To delay the operation would have meant allowing time for second thoughts, so to save himself the complication he dug right into the job. It became clear immediately that there was a minor problem. The knife was not quite as sharp as a slab of bacon, though it was nearly as greasy. That would mean two things; it would take greater pressure to inflict groovatures in which to splatter ink, and because it would take more strength, artistic flair would need to take a back seat to “get er done”. There would be no round half circles on the “B”, it would need to be one square box atop the other, the “O”, a larger, single square box; the “R”? A square box missing its right side and bottom.

He tried sawing, scraping and gouging, but none would give him the ability to finesse. The “canvas” didn’t help either; skin is far too pliable and prone to move around under a blade the thickness of a slice of bread.

If I were to say it was a “hack job”, I would be honest and quite descriptive certainly, but just as crude as the act itself. So let’s just say the final work looked a bit like a petroglyph drawn by the hand of a Neanderthal, or other barbarian of like talent and intelligence. Could it be recognized as lettering? Of course. Could it be read? One needs to imagine an artist nearly blinded by mood altering substances, cocking his head sideways like a small dog in search of a treat, squinting in bad light through heavy cigarette smoke stamping printed words into his arm with a jackhammer, and you can answer your own question. Yes, it could be read, so long as one had the time to stare at it a bit and sound it out, like a teenaged small town radio disk jockey trying to say Martina Navratilova on the air for the first time. “Bah oornn tuh uuooooo loooozzz! Oh, I get it now! Wow… that’s heavy!”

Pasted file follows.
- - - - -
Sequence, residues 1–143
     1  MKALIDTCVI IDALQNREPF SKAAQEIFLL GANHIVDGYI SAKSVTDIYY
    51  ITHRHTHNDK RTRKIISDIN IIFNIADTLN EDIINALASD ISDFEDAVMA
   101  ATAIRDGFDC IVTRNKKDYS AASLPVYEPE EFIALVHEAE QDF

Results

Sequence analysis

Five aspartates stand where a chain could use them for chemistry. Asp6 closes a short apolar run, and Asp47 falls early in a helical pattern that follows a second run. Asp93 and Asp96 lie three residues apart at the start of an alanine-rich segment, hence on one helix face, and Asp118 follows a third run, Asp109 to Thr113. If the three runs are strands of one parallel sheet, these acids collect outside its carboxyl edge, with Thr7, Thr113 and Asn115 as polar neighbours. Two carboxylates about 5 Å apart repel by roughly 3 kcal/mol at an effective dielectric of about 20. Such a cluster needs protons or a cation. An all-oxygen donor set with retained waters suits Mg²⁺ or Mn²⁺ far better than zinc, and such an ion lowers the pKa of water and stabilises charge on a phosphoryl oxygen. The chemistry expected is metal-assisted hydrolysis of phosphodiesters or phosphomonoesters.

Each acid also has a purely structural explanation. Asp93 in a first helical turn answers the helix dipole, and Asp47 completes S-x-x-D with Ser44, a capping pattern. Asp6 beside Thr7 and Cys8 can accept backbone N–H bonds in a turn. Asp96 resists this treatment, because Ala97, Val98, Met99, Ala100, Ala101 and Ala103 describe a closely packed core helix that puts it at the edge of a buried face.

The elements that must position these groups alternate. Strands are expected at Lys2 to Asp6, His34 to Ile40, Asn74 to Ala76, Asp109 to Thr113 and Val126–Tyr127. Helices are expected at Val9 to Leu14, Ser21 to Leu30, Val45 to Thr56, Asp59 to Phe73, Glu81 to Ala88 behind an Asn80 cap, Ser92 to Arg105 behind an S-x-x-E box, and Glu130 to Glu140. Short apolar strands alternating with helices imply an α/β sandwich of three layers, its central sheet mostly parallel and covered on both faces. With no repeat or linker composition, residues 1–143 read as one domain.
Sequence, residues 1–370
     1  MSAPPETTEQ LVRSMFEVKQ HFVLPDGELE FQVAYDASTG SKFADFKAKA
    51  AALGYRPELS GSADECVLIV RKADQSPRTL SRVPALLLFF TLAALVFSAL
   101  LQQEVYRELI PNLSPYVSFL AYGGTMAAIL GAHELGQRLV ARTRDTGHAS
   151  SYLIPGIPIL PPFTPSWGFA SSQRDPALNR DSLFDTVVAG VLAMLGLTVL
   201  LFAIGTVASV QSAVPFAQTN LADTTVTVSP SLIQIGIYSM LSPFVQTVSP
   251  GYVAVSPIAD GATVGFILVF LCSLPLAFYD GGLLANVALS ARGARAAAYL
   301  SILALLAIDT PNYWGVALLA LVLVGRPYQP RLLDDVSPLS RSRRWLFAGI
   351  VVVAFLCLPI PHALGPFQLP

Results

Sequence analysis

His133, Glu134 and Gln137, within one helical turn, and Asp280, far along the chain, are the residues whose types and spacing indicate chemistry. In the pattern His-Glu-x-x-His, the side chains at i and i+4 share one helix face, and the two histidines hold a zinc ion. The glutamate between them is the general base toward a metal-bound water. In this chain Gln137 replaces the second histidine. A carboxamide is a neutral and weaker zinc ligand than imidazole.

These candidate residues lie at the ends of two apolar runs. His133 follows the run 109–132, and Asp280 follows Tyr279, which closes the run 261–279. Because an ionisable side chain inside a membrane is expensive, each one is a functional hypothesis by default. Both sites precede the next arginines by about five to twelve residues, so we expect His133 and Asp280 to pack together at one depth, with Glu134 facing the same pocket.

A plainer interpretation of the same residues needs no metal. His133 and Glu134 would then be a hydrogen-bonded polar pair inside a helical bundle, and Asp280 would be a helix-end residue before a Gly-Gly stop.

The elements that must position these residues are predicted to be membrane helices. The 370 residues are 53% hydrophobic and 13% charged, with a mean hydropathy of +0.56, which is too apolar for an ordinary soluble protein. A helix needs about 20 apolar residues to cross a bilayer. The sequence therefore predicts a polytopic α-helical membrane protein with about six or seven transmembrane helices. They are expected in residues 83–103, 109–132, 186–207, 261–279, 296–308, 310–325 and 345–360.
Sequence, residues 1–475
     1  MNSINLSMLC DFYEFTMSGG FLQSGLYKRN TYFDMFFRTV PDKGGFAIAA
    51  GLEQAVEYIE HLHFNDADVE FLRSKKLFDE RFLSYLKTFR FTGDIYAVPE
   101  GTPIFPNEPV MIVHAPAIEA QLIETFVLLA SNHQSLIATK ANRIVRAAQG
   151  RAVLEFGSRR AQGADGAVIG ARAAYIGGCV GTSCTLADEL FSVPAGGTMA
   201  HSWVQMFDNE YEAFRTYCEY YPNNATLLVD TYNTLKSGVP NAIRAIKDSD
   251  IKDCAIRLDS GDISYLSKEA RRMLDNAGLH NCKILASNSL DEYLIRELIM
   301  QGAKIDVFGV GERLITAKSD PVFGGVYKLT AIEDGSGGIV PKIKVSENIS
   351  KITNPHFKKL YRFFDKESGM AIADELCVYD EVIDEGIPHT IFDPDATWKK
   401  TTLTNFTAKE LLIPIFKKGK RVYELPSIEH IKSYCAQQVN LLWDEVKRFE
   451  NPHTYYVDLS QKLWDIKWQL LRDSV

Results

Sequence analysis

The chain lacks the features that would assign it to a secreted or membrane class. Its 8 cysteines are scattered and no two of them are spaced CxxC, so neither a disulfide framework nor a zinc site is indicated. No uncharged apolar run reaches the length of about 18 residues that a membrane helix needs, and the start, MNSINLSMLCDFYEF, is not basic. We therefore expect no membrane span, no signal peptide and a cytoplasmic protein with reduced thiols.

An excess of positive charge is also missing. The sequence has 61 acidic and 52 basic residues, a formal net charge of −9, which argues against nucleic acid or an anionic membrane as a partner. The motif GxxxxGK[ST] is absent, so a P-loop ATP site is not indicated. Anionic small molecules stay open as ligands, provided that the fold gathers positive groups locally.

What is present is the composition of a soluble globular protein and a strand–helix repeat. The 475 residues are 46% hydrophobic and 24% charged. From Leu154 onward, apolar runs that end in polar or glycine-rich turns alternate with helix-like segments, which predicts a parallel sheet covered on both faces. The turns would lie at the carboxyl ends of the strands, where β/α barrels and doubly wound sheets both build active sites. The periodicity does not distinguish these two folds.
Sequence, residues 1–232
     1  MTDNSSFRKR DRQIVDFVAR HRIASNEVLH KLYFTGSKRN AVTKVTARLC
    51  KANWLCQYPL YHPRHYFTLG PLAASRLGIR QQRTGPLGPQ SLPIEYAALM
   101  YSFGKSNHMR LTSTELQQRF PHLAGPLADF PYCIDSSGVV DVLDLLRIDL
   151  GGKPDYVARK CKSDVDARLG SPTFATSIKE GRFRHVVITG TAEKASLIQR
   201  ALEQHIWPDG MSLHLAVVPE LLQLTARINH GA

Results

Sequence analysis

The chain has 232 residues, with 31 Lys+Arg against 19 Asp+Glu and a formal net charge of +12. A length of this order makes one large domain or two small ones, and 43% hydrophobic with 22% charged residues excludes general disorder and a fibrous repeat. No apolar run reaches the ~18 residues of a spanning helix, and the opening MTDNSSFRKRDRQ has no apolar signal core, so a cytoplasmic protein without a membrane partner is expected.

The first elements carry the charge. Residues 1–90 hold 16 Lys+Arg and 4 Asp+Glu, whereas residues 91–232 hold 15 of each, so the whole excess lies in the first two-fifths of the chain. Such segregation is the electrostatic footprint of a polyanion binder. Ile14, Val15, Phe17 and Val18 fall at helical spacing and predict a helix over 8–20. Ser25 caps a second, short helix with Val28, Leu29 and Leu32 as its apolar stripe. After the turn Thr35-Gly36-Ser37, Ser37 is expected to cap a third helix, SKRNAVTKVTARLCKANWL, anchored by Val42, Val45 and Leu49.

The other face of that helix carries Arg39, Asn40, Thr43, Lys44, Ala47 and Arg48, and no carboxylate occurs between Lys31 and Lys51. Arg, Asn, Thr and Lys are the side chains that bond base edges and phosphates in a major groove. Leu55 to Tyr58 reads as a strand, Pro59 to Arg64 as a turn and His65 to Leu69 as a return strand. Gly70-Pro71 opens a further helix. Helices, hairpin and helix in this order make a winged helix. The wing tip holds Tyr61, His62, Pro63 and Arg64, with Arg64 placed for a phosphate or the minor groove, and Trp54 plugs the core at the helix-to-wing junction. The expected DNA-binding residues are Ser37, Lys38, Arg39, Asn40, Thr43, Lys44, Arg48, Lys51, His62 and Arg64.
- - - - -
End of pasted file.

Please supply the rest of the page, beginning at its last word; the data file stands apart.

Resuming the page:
It may have taken as long as an hour, time is a variable creature while under the influence, and it was quite painful so checking the clock now and then was a chore too difficult to handle. It might have been far less painful had Dude thought first to walk a few dozen yards around the apartment in search of a razor blade, to save himself the chopping. But as you might have surmised, walking and LSD are enemies of a sort, and one would be disheartened indeed to awaken from a long, drug induced stupor and find himself jogging down the center ditch of a local freeway in the nude, a not impossible scenario; so it was common to stay put during the mid-portion, or “peak” of a “trip”.

Dude was rather pleased with himself all in all. As he knew what the lettering was supposed to say, it read easily, even upside down as it was. But then it dawned on him that he’d forgotten one item; he had no tattooist inks. Simple scars would be fine for a while; actually, once he’d thought about it the scars alone would be damned manly and might cement his reputation as a crazy thug, definitely not to be messed with. But then, smart sort that he was, Dude imagined needing to refresh the lettering once enough healing had taken place, right after some creep had looked his bicep over and said “Hey, what’s “BIN T OSI mean? Thatchur name? You some kinda foreigner or something?” He presumed a more long term marking would be good, and it was the perfect time, while the blood was still flowing and the skin cells not yet on the road to recovery.

All the ink he could find within LSD walking distance of his kitchen chair was one Bic pen, black, half empty. He plucked it from the counter and toyed with it while he pondered the permanence of what he was about to do. He’d thought more than once during the project that his actions were stupid, that his friends would groan and roll their eyes when they saw what he’d done, and talk behind his back about what a moron he was, secretly wanting him to just go away and never come back because the club was not meant to be a haven for idiots. While he was pounding out the “N” in born he stopped and considered that he could simply say that he’d been walking to the store and had been attacked by passing gangsters sporting dull knives who’d tried to maim his steering wheel arm and had accidentally cut a word into his flesh and then run away. But even he, even stoned and drunk, didn’t believe that one. The longer he thought of backing out the more he recognized how true the words were. He was cutting “Born to Lose” into his arm and he was so pathetic he couldn’t even finish the job without debating its merits even after already having gone too far. He sucked. He was a loser. He deserved to be branded. The game had changed; it was no longer about making a statement in order to speak his mind. It was about writing his resume in a public place, about announcing his self-hatred, and the hatred of what had passed for his sixteen years of life to that point.